When dealing with creative content, it can be challenging to translate correctly and capture the same meaning in another language. Overcoming this challenge is a persistent obstacle when translating content such as slogans, speeches, films etc. The service provided in such cases is ‘transcreation’ (translation and creation), where the main focus of the translation is on the meaning and the intended reaction of the audience, compared to a normal translation of a text. Moving away from the source of the text is the key element for a successful transcreation. To ‘transcreate’, the translator needs to read and understand a text, then rewrite it in the target language, taking into account the context, culture, language differentiations, values, visuals and much more. Producing high-quality translations for high-profile content requires time and talent as well as care and dedication on behalf of the transcreator.
Whilst taking all this into consideration, they also need more time to tailor the message to the target market, which can often involve a lot of reading. They might need to ask the client questions or perhaps hold brainstorming sessions and create various drafts before a finalised version is produced. The process, therefore, takes longer than translation. Needless to say, all that time investment needs to be compensated for. As a result, transcreators usually charge per hour or per project.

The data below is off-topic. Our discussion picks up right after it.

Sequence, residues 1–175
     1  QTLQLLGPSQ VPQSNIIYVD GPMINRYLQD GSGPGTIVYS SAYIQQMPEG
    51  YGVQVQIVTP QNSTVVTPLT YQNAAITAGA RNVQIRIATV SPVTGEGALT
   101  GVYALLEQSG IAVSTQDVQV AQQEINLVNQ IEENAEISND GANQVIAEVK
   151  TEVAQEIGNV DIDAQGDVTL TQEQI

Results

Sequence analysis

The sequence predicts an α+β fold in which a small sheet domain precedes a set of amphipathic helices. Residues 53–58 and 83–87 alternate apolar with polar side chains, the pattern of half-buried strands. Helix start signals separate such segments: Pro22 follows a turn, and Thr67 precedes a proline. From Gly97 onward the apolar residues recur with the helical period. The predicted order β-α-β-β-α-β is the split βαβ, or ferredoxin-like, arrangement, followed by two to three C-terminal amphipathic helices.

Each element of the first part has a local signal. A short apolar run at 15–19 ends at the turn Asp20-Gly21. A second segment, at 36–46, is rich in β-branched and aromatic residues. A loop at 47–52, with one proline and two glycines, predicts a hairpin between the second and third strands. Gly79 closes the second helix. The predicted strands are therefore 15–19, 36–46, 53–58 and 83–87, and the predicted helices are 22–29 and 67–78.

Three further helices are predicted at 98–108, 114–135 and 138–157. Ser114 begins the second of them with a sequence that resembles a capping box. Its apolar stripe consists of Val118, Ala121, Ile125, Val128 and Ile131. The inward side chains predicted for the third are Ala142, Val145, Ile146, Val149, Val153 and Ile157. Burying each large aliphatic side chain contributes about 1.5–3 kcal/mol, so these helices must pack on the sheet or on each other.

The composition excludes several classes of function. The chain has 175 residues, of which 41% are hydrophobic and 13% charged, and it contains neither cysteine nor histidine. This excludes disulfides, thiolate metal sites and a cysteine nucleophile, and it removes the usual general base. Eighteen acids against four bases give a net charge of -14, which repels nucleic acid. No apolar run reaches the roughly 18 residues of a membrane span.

As the processes differ, so too do the prices. Just like the name suggests, transcreation is about mixing translation with copywriting to create an entirely new text. The creative effort and time spent mean the costs are different. It’s one of many differences to bear in mind, but an important one nonetheless, when thinking about offering transcreation services.
What makes a bad transcreation? Many low-quality transcreation examples are slogans. It might seem easy to localise a slogan; after all, it’s only a few words, right? Wrong. A good slogan needs to be quickly understood by the target reader and should be memorable.
How can we achieve this? Often by using rhyme or maybe a play on words. Many slogans use humour to grab the audience’s attention but these tools won’t necessarily work in another language or culture.
Kentucky Fried Chicken gave us an example of how a slogan can go wrong with hilarious consequences; KFC’s famous “Finger lickin’ good” slogan became “Eat your fingers off” in Mandarin.
What makes a good transcreation? A successful slogan transcreation belongs to Procter & Gamble’s 1999 campaign in Italy for their Swiffer dusting products. The original English phrase was “When Swiffer’s the one, consider it done”. A direct Italian translation would have ruined the flow, so they came up with “La polvere non dura, perché Swiffer la cattura.” (‘The dust doesn’t linger, because Swiffer catches it.’) This solution not only creates a different rhyme, but it mentions the benefit – eliminating dust – and the way in which it is achieved – by catching it. Whereas the English original mentions neither of these two elements. This is widely regarded as one of the best examples of creative slogan translation.
Think globally and act locally; transcreation services can spread a brand's identity in exactly the way that the company wants. And if transcreation is a work of art, we, at GlobaLexicon, are the artists.